Isn’t it amazing how removing a couple of commas can make a radical difference to the potential import of what he is saying? Has Mike been shadowing Cooper for a year waiting for BOB to show himself? Is it future or is it past? When BOB inhabits a host, is it as if he has always been with them?
“I’ve known of your interests in the results of his endeavours,” Mike adds, licking his teeth. Is the interest he speaks of a purely professional one on Cooper’s part or something more sinister? Cooper is a hero, it is true. Leland also was a good man for much of the time and had no knowledge of what was being wrought on others in his form. Is it possible that Cooper is a hero but also a villain throughout? What’s my evidence for this? Well, it’s pretty thin, but I’d like to point out a passage in Scott Frost’s novel, The Autobiography of FBI Special Agent Dale Cooper – My Life, My Tapes. Cooper shoots and kills a bank robber during an FBI raid; it’s his first kill in the line of duty.
I engaged one suspect as he walked out of the office firing a pistol in the direction of the front door. My written report states that he was ordered to freeze and drop his weapon. He did not. I fired two rounds from a service shotgun, striking him in the chest with both.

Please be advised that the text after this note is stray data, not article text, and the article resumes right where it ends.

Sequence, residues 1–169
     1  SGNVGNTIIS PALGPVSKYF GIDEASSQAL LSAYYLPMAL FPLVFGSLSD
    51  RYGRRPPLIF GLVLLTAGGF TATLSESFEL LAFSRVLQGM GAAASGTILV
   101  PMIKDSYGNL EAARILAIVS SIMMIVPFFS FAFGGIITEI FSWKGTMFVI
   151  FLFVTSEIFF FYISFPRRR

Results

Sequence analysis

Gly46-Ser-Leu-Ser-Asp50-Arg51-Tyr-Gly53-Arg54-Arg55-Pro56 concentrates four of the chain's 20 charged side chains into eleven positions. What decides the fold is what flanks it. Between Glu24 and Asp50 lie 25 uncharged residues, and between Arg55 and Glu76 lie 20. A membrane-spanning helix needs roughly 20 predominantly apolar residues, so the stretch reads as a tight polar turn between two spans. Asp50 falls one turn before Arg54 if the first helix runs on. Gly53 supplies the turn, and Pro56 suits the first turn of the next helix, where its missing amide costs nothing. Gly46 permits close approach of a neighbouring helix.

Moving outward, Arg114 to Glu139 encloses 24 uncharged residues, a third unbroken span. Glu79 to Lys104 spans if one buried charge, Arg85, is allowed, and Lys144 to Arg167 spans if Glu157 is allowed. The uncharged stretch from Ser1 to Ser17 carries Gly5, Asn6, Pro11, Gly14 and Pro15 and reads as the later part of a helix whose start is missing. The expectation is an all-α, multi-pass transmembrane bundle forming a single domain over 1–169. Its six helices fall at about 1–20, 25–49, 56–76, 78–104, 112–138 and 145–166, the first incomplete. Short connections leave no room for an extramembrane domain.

It’s an oddly disconnected piece of writing to say, “My written report states…” rather than just describing what happens. The suspect was firing towards the front door. Cooper and Earle entered through the back door, thus the suspect was not firing at Cooper. It could be that Cooper ordered him to freeze and then the robber turned on him with gun raised. It’s also possible that he just caught the man unawares. Maybe Cooper is the embodiment of the black and white of the lodges, He is either a hero or a villain. Occupying a space in between with shades of grey does not sit comfortably as we see with our reactions to the Richard character at the climax of Season 3.
“I too have been touched by the devilish one.”
Mike’s looking at Cooper when he makes this next utterance. When he says ‘I too’, is he referring to BOB or Cooper or both of them. You can read this any number of ways with full knowledge of what comes later. If you take the future/past assertions at face value, you could say that Cooper has already been touched because we know that it happens at some point. In Fire Walk With Me, Annie appears to Laura Palmer in her bed and tells her that the good Dale is trapped in the Lodge. This is before she is killed, and before Mike and Cooper have their conversation. This means that the doppelgänger is active across a continuum of time; an idea which is explored by Cooper himself when he tries to explain the lodges to the others in Season 2. Are there any other times during the series that BOB shows himself in Cooper’s actions?